Asked about the airstrikes Aug. 11, Archbishop Giorgio Lingua, the Vatican nuncio to Iraq, told Vatican Radio: “This is something that had to be done, otherwise (the Islamic State) could not be stopped.”

That statement surprised many because, since the pontificate of St. John Paul II, the Vatican has stressed that military interventions for humanitarian purposes should have the support of the international community.

When a reporter on the plane asked Pope Francis whether he approved of the airstrikes, he replied:

“In these cases where there is unjust aggression, I can only say that it is licit to stop the unjust aggressor. I underscore the verb ‘stop’; I don’t say bomb, make war, stop him. The means by which he may be stopped should be evaluated. To stop the unjust aggressor is licit, but we nevertheless need to remember how many times, using this excuse of stopping an unjust aggressor, the powerful nations have dominated other peoples, made a real war of conquest. A single nation cannot judge how to stop this, how to stop an unjust aggressor. After the Second World War, there arose the idea of the United Nations. That is where we should discuss: ‘Is there an unjust aggressor? It seems there is. How do we stop him?’ But only that, nothing more.”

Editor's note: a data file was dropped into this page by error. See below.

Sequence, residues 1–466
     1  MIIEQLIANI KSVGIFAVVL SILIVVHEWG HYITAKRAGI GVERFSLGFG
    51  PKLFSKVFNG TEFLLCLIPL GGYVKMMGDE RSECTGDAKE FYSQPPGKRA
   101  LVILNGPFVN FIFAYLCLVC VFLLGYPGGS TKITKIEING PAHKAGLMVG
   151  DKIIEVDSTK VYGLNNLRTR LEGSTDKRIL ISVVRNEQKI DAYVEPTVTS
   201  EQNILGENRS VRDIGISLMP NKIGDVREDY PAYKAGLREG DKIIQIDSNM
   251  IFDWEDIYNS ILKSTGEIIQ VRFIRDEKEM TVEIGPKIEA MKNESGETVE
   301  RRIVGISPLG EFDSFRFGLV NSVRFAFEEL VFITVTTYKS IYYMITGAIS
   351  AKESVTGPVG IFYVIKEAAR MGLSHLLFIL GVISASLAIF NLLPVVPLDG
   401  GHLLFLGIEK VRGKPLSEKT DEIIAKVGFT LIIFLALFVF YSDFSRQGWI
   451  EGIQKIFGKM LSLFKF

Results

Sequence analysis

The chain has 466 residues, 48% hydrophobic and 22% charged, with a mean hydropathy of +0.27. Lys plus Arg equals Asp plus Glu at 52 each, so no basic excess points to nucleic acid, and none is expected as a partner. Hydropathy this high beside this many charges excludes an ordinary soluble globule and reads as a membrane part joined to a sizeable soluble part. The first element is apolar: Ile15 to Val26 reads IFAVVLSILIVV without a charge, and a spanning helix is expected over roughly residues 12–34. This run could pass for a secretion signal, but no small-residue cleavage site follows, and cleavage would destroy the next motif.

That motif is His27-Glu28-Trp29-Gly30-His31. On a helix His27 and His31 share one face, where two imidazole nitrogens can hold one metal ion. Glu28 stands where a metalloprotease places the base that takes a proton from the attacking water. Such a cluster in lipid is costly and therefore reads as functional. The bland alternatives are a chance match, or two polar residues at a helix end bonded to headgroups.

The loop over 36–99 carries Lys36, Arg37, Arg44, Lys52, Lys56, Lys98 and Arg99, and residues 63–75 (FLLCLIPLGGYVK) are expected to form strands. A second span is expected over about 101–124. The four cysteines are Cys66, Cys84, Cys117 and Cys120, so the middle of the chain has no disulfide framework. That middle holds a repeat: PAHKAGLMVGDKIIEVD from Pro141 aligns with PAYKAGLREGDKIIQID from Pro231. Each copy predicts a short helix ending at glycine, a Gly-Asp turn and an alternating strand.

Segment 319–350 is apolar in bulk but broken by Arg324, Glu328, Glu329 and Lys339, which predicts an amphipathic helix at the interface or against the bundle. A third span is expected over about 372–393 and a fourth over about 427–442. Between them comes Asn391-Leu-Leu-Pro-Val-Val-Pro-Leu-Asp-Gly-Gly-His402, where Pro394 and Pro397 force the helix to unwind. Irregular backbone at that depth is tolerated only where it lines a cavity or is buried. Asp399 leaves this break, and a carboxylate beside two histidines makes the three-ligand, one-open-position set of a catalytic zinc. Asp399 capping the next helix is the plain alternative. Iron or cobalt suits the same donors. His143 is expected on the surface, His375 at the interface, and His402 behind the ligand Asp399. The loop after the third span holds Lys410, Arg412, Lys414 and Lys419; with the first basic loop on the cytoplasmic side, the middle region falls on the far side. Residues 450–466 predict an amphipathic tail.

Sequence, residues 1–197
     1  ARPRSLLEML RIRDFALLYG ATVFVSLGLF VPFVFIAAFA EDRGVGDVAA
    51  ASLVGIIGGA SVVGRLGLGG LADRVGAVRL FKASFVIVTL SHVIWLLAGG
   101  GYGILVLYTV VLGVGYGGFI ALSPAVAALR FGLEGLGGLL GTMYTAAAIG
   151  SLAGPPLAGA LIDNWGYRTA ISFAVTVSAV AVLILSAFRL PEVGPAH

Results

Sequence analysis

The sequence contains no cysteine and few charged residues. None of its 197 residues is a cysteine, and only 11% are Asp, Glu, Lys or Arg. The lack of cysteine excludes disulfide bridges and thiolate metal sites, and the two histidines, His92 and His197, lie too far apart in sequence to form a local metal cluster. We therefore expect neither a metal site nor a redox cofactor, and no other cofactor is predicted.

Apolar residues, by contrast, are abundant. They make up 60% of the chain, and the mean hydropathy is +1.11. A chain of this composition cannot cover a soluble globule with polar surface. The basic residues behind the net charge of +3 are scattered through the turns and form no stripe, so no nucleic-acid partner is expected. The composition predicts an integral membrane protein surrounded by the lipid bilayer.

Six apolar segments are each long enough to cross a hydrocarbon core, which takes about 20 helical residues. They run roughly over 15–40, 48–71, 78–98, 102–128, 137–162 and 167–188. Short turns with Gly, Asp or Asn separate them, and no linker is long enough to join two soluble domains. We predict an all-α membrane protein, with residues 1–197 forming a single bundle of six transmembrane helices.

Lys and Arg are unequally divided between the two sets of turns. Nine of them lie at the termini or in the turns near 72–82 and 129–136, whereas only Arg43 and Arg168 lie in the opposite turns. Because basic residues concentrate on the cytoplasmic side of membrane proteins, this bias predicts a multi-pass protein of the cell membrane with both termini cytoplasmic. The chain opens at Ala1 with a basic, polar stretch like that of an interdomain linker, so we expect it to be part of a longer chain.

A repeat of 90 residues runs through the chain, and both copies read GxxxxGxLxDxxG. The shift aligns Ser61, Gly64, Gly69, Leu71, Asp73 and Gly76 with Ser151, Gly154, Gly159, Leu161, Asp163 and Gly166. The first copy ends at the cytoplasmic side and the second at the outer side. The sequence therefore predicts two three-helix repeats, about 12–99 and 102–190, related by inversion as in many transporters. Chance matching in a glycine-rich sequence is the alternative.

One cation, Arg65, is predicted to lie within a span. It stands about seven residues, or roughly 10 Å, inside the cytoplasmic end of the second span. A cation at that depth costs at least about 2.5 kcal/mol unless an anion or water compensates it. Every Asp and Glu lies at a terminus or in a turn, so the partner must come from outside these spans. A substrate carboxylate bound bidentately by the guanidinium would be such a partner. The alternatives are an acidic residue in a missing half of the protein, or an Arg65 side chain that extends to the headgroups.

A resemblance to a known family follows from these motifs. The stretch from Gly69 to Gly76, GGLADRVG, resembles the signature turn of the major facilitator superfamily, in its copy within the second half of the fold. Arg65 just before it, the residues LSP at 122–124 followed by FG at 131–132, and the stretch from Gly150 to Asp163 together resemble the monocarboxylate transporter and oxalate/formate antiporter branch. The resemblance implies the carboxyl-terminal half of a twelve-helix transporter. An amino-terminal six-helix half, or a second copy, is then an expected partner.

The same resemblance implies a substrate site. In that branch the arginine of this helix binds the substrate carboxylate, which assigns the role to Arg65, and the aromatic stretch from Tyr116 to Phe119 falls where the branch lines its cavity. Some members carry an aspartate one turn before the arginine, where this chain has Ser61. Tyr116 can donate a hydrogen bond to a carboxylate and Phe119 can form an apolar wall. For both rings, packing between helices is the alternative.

The pope said his recent appeal to the U.N. to “take action to end the humanitarian tragedy now underway in Iraq” was one of a series of measures he had considered with Vatican officials, including his decision to send Cardinal Fernando Filoni to the region to meet with church and government officials and refugees.